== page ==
We're starting the year by continuing to highlight the inspiring words and images of artists who have adapted to vision loss. Today, we'd like to bring attention to Robert Hamilton (1917-2004).
In Hamilton's own words: “Generally speaking, macular degeneration is an old age disease—the eyes are wearing out. I can see all around, but I can’t see in the middle. It’s a blur in the middle. If you fall off a cliff, you may as well try to fly. That’s my new motto.”
Hamilton’s improvisational approach to painting served him well in the last years of his life, when he had no vision in one eye and blurred central vision in the other. He abandoned large canvases and worked instead on 16 x 16 and 24 x 24 inch squares, creating paintings that were more mysterious and chromatic than ever.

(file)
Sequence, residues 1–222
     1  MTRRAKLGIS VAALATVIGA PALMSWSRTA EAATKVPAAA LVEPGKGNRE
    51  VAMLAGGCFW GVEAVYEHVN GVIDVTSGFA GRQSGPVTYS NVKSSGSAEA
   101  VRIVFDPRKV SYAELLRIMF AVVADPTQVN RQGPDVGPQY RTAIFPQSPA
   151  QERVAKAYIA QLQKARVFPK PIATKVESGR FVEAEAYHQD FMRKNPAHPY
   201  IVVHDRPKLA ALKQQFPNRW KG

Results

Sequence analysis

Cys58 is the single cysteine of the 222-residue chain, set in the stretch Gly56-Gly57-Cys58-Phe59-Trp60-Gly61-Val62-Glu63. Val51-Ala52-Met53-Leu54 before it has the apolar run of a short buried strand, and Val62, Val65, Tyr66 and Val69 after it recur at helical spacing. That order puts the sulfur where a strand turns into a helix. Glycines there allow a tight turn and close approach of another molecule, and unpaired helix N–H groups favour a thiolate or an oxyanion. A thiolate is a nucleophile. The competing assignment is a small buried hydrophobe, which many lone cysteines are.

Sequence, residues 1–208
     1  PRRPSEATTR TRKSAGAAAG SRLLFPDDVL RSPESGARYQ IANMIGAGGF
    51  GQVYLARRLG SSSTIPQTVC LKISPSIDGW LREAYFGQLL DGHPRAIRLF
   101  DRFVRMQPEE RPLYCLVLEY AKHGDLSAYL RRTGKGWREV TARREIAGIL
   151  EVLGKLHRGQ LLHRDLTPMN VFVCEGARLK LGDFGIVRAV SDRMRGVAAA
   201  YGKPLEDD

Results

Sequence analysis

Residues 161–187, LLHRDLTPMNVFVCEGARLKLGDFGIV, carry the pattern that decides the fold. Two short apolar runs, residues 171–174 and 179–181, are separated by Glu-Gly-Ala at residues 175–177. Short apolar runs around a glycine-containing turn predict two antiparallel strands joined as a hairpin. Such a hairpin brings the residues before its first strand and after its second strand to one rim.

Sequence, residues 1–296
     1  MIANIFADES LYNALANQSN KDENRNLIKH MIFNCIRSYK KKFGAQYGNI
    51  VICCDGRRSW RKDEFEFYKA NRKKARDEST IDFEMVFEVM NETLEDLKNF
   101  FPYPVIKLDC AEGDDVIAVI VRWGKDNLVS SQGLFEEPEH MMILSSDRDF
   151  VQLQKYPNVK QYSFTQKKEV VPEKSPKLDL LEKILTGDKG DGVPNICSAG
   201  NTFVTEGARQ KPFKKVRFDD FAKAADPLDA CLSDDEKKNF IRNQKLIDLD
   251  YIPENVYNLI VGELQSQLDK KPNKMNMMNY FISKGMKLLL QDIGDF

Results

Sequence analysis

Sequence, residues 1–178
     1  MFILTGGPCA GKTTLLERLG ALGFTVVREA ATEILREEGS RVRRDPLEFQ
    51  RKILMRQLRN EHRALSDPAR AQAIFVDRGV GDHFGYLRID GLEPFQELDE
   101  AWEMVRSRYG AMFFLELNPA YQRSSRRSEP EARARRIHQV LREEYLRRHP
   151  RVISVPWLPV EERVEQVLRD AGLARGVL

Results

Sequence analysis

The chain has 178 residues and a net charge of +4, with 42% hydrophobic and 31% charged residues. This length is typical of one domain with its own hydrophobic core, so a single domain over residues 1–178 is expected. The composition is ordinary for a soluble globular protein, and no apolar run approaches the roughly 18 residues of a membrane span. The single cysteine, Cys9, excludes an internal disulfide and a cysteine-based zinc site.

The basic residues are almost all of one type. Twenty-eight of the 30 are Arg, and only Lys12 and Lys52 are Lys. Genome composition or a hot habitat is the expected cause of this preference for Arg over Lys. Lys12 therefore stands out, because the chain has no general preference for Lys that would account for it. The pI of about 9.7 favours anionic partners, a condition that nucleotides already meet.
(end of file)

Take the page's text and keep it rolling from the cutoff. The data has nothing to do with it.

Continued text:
The painting below, “Same Old Dream (Self Portrait)” is one of Hamilton's last works. As a young man, he'd served as a fighter pilot in WWII, and in this painting he returned to the P-47 imagery that haunts many drawings and paintings he did throughout his life.